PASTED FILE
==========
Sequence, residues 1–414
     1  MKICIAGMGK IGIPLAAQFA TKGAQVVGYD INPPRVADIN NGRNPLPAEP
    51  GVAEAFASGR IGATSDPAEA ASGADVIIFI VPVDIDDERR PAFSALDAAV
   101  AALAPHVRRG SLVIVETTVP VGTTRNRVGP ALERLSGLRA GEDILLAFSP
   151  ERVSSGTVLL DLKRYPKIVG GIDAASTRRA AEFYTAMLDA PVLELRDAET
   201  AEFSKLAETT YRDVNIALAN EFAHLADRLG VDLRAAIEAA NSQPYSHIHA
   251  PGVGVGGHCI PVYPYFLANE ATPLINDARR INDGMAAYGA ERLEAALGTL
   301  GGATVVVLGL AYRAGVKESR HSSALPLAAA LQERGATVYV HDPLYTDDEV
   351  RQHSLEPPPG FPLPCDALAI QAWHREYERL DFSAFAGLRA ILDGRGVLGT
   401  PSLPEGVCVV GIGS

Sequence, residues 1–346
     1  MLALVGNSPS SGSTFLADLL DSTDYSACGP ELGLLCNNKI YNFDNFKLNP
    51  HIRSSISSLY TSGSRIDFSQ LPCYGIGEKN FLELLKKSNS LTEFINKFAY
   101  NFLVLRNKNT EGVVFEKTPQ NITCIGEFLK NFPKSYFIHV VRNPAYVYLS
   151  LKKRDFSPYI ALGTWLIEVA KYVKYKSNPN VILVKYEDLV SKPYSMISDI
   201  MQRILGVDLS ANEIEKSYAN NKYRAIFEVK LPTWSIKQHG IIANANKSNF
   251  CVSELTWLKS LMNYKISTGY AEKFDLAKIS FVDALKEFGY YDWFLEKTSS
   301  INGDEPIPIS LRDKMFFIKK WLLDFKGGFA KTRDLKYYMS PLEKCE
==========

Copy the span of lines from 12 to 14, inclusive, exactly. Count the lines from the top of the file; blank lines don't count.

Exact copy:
     1  MLALVGNSPS SGSTFLADLL DSTDYSACGP ELGLLCNNKI YNFDNFKLNP
    51  HIRSSISSLY TSGSRIDFSQ LPCYGIGEKN FLELLKKSNS LTEFINKFAY
   101  NFLVLRNKNT EGVVFEKTPQ NITCIGEFLK NFPKSYFIHV VRNPAYVYLS